Turbo Bearings

We like turbos at MotoIQ.  Why?  In the phrase made famous by Tim Allen, "more power!"  In order for a turbo to cram air into an engine, it has a pair of wheels and a shaft spinning at incredible speeds.  Depending on the size of the turbo, they can spin anywhere from 100,000 rpm (big turbos) to 300,000 rpm (small turbos).  300,000 rpm equals 5000 revs a second.  Put another way, if you rolled a compressor wheel on the ground, it would go about six football fields a second.  That's about 1.7 times the speed of sound.  Wrap your head around that!  The rotating assembly consisting of the shaft, turbine wheel, and compressor wheel encounter axial and radial loads that want to push the wheels into the housings and rub parts together.  To keep the rotating assembly supported and freely spinning, turbos currently either use a journal or ball bearing system.  There are variations on each theme, but we're going to go over the most common designs.  First, we need to discuss the loads they encounter.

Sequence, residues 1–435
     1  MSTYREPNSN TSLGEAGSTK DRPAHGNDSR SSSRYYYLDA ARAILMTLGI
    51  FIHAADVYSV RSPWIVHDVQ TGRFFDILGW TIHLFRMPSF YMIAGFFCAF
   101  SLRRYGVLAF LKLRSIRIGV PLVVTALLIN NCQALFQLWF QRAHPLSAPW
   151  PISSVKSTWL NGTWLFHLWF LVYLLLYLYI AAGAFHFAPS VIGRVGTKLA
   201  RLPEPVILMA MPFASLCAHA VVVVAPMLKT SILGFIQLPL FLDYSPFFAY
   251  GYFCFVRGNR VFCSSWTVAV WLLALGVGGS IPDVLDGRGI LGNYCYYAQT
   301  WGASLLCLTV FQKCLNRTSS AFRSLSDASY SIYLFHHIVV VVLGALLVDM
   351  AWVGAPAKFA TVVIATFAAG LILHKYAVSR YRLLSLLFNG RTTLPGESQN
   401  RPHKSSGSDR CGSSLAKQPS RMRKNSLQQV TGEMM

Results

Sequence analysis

berrings1 berrings2

Check out the rest of the article at Moto IQ

Wilwood BBK for Dodge Magnum, Challenger, Charger and Chrysler 300

Wilwood Front and Rear Disc Brake Kits for Dodge Magnum, Challenger, Charger and Chrysler 300 W6AR calipers were designed for the specific purpose of providing big capacity braking with large diameter rotors for heavy weight…
Read More

Enkei Tuning Series TSP-5 Wheel

CONSTRUCTION: MAT castSIZE (in.): 17, 18WIDTH (in.): 8-9.5BOLT PATTERN: 5x100, 5x112, 5x114.3FINISH: Silver, Matte Black, Gold www.enkei.com…
Read More

Kelford Honda Cams from Motovicity

  If you are familiar with the inner workings of the internal combustion engine, then you know cams are important. They provide all of the vital valve movement for the 4-stroke cycle to be possible.…
Read More